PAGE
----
Some Guidelines for Ticker Symbols

Before you can receive quote for a stock you must know its ticker symbol. For basic stocks you can use our ticker search program to locate the symbol. For other symbols use these guidelines for finding ticker symbols on our system.

New York Stock Exchange

Stocks on the NYSE use 1-3 character ticker symbols. For example: General Motors is 'GM', AT&T is 'T', IBM is 'IBM'. You can enter the symbol in upper or lower case.

The nightly closing price for each ticker is now stated as the composite. This may or may not be different than the individual exchanges (Y, M, P, etc.)

Most stocks traded on the NYSE are also traded on five smaller exchanges from around the country. To ensure a close-price-quote for the composite of all the exchanges enter the symbol followed by '-Y'. This price may change in the hours following each exchanges' close, due to processing of trades from each exchange.

To get a quote for a stock on a particular exchange you have to add the one character code for the exchange you are interested in. For example to get IBM on the Boston exchange you would enter 'IBM-B'. Note the hyphen between the normal ticker and the letter 'B'. The codes for the five exchanges are:

To get a quote on preferred stocks you need to add the letter '1' immediately following the symbol (no space) and sometimes the letter for the preferred issue. For example 'Bank of America Preferred F' symbol is 'BAC1F'. Preferred are usually only traded in New York but sometimes you can append the city code and come up with a valid symbol, for example 'CHI1.B' is the preferred stock for Furrs Bishop on the Boston exchange only (CHI1 is the composite symbol).

To get a quote for the warrant you add the letter '2' to the base symbol. For example 'Berkshire Rlty Inc WT 09-08-1998' is 'BRI2'.

American Stock Exchange

Symbols for the AMEX follow the same rules as the NYSE.

NASDAQ National Market Issues

All symbols on the NASDAQ start with a four character base. For example: Microsoft is 'MSFT', Intel is 'INTC' and Netscape Communications is 'NSCP'.

After the four character base can come an optional one character modifier. A complete list of these codes can be found in the Wall Street Journal. Some of the more frequent codes are 'C'--exempt from NASDAQ listing qualifications for a limited period, 'E'--delinquent in required fillings with SEC, 'P'--first preferred, 'Q'--in bankruptcy proceedings, 'R'--rights, 'W'--warrants, and 'Y'--American Depositary Receipt (ADR).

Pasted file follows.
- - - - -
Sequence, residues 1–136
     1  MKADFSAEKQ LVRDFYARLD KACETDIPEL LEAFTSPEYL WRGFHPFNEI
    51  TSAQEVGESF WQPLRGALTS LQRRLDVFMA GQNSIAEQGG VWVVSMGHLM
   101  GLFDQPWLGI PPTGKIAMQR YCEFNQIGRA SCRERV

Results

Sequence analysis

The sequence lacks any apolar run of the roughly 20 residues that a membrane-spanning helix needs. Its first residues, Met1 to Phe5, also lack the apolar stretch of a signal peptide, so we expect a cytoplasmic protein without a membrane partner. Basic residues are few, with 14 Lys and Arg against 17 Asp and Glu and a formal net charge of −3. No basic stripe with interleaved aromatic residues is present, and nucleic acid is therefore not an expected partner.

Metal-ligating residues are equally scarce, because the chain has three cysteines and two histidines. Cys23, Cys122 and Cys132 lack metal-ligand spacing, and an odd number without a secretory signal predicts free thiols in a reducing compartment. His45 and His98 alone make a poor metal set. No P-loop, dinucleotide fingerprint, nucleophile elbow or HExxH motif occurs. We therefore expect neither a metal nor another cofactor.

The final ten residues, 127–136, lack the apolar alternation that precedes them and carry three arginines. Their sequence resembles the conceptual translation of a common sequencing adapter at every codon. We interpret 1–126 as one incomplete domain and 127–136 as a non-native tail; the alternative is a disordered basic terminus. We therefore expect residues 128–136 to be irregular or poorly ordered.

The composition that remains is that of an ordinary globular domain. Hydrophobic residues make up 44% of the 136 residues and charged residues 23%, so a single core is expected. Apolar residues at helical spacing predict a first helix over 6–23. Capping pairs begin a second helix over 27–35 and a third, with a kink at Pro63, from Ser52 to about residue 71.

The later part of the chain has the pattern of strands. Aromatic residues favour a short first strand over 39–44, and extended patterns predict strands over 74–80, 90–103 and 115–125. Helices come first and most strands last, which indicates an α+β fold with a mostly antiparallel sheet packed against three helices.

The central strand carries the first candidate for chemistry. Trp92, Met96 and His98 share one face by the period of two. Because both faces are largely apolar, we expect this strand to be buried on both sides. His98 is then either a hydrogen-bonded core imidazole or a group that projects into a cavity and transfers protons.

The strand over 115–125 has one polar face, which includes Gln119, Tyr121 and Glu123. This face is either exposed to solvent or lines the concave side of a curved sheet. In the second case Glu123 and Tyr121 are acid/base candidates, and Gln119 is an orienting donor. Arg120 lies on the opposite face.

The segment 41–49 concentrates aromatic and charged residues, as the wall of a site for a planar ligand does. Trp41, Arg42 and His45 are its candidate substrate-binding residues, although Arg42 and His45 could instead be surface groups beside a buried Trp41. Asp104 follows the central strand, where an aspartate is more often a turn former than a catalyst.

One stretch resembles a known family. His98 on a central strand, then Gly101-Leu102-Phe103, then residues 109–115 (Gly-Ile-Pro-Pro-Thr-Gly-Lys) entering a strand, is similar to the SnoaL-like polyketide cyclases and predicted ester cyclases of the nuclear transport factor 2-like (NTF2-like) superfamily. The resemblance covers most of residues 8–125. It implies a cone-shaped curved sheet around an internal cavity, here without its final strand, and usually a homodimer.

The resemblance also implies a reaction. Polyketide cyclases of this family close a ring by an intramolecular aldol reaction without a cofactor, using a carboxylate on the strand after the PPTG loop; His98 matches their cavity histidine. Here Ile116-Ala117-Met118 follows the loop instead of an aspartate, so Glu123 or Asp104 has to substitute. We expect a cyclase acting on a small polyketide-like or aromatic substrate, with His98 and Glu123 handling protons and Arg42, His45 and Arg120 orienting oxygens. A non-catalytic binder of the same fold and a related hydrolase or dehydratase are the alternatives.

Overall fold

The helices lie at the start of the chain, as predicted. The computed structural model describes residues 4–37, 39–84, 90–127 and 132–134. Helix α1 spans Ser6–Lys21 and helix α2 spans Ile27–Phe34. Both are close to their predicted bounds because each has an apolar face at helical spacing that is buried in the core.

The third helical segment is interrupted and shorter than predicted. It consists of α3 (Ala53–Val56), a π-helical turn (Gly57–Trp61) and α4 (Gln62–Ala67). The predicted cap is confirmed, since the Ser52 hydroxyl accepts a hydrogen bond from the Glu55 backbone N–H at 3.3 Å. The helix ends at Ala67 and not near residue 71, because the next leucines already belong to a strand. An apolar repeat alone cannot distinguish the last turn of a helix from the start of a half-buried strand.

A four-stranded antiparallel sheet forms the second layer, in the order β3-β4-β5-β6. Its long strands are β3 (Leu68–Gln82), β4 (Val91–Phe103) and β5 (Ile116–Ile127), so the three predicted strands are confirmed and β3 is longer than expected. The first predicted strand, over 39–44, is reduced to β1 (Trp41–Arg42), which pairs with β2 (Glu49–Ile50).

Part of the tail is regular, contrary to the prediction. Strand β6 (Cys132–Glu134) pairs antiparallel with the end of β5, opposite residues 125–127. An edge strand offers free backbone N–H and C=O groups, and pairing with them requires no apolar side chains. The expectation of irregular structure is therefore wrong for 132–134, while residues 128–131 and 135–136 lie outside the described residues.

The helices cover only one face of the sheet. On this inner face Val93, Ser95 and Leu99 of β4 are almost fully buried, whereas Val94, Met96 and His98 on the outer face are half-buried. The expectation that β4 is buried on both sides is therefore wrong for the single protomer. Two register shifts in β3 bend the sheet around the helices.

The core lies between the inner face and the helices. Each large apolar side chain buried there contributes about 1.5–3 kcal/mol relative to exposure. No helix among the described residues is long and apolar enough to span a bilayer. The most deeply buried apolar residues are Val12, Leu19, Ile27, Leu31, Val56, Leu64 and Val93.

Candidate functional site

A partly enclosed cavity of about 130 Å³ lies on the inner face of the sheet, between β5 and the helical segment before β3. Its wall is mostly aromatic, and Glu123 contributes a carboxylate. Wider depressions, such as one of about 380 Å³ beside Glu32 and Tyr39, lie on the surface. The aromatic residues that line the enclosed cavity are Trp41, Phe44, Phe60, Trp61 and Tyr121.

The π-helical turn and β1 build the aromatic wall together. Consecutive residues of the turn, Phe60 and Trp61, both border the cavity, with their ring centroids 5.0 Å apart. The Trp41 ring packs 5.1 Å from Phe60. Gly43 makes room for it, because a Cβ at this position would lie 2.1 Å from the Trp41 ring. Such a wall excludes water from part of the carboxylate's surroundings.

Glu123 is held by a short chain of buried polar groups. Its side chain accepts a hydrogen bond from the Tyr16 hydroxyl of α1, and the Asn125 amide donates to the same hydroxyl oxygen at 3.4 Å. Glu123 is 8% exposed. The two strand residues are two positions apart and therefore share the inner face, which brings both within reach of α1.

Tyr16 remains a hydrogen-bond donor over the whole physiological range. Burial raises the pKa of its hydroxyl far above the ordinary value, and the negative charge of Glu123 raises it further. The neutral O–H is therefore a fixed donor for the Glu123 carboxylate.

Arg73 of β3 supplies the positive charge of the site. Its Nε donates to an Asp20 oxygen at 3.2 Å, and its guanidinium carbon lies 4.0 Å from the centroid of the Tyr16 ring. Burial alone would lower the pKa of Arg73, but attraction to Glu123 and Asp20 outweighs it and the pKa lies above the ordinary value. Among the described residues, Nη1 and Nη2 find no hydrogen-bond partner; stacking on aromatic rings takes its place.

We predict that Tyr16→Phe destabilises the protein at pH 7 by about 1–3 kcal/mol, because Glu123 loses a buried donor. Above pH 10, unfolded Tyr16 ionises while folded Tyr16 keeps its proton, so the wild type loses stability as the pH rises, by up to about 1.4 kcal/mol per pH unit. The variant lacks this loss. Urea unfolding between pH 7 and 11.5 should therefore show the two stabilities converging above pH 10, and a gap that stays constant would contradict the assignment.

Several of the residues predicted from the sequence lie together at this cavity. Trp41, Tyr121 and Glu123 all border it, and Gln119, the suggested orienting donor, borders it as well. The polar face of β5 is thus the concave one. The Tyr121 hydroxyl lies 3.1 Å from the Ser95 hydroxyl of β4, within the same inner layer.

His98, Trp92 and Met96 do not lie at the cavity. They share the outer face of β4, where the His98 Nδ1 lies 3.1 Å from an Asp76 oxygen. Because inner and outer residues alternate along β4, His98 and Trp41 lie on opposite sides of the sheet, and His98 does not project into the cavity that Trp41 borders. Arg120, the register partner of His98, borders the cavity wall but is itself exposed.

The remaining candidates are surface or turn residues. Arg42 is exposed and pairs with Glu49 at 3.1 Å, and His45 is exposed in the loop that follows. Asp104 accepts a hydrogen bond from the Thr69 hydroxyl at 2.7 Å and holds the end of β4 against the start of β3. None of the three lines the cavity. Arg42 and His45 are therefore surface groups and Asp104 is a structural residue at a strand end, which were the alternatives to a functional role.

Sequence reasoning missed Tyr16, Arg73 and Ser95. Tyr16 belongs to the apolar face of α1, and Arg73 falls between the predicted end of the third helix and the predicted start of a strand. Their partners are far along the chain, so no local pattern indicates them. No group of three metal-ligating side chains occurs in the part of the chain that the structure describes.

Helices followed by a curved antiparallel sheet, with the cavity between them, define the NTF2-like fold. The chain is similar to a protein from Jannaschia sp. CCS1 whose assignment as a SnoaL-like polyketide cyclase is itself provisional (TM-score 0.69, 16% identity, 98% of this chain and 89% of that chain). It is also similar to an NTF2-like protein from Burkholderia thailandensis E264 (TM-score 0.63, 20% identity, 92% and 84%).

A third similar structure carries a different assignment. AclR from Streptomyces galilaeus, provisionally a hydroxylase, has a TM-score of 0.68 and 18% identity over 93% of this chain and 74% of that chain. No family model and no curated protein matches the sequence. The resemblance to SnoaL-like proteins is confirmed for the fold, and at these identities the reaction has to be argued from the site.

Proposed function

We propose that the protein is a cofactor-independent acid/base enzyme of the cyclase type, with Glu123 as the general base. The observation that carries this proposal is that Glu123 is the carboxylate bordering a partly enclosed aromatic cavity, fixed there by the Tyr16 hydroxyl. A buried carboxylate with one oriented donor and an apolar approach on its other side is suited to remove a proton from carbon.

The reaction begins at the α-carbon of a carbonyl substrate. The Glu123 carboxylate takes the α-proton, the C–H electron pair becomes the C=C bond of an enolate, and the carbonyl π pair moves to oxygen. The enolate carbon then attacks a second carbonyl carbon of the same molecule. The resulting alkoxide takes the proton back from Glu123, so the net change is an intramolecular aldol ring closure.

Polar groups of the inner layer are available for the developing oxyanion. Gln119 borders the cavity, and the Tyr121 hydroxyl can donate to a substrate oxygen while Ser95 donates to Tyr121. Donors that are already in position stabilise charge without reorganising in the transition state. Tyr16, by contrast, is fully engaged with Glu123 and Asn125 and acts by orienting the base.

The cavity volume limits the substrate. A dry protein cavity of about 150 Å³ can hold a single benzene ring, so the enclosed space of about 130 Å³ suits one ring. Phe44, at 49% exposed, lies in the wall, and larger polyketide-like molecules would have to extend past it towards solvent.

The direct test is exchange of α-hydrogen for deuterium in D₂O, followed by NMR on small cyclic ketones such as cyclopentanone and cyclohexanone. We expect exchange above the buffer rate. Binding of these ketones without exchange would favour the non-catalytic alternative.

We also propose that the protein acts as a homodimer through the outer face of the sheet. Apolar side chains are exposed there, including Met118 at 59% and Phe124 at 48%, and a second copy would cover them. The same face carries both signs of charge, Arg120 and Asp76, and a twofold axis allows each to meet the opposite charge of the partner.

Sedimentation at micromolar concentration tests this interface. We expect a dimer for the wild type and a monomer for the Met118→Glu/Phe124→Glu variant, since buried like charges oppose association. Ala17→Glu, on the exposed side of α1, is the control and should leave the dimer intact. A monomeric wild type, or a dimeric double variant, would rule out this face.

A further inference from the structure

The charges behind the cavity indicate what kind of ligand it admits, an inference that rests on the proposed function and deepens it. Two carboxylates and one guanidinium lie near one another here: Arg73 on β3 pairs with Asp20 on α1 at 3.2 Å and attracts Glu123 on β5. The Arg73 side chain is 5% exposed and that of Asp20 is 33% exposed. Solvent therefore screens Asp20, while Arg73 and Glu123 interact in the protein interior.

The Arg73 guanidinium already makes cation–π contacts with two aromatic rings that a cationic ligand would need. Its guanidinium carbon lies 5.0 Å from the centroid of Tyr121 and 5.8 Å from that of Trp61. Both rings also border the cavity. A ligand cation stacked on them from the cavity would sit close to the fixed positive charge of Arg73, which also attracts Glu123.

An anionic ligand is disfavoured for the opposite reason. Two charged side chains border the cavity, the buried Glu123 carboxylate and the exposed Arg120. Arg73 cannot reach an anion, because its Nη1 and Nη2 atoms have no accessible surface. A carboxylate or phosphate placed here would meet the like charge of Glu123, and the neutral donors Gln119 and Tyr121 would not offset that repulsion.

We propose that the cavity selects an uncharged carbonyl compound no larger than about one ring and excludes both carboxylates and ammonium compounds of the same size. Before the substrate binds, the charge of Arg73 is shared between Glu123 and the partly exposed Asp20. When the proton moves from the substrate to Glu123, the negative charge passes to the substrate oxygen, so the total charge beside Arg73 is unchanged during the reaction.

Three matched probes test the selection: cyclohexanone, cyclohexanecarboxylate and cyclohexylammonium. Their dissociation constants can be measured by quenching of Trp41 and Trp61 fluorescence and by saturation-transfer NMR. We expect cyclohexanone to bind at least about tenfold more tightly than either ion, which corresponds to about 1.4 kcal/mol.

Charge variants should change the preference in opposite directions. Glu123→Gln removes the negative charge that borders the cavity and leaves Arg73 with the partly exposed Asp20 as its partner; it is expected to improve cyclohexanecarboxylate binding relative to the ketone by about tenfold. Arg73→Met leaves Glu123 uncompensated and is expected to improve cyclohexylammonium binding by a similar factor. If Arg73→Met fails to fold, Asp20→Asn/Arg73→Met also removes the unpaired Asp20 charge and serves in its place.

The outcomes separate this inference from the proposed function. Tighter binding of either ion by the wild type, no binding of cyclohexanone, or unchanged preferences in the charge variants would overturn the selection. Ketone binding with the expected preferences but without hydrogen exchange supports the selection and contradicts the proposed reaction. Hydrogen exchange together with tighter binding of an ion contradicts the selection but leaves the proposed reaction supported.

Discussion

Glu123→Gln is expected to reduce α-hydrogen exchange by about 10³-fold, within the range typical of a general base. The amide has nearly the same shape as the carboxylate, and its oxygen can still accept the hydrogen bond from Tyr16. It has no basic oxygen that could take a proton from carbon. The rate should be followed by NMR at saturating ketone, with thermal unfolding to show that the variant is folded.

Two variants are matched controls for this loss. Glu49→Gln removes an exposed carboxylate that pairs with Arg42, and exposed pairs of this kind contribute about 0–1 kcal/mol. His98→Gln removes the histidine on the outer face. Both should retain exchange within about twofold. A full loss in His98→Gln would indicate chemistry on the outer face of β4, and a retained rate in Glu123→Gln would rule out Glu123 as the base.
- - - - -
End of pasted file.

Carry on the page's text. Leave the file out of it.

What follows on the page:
We are not getting up to date quotes for non NMS issues on the NASDAQ (ADRs, small cap, OTC). We are trying to rectify the problem.

Mutual and Money Market Funds

Mutuals Funds are always five characters with the fifth character being 'X'. For examle the Fidelity Magellan Fund's symbol is 'FMAGX'.

Money Market Funds are always five characters with the forth and fifth characters being 'X'. For example the Paragon Treas MM Fund's symbol is 'PTRXX'.

Canadian Markets

Canadian markets are all prefaced by a one character exchange code followed by a period then the normal symbol. The codes are 'V.' for the Vancouver Stock Exchange, 'M.' for the Montreal Stock Exchange, 'T.' for the Toronto Stock Exchange, 'C.' for the Alberta Stock Exchange and 'O.' for the Toronto COATS market. Currently, we have no descriptions for issues on the COATS market. For example Air Canada on the Toronto exchange is symbol 'T.AC'. Luminart on the COATS market is 'O.LUMN'.

All Canadian symbols are 1-3 characters long except for the COATS market which are allways four characters long. Many Canadian symbols have the suffix .A or .B appended to them to designate class A or class B issues. For example: Bombardier Class B on the Toronto exchange is 'T.BBD.B'.

Preferred Stocks have the code '.PR' or '.PR.X' appended to the end where X may be the letter 'A-Z' if the stock has more than one preferred issue.

Warrants have the code '.WT' appended to the end.

Rights have the code '.RT' appended to the end.

Units have the code '.UN' appended to the end.

General Suggestions

The Wall Street Journal is one of the few papers that still list the symbol along with an abbreviated description. Its also a good place to look if you want to know if a particular stock has preferred or warrant issues.

We have descriptions for most of the symbols that we can give quotes on. If you enter a valid symbol that we do not have the description for the description field will be blank. The quote will still be valid but you will need to make your own determination if it is the right symbol for the issue you seek.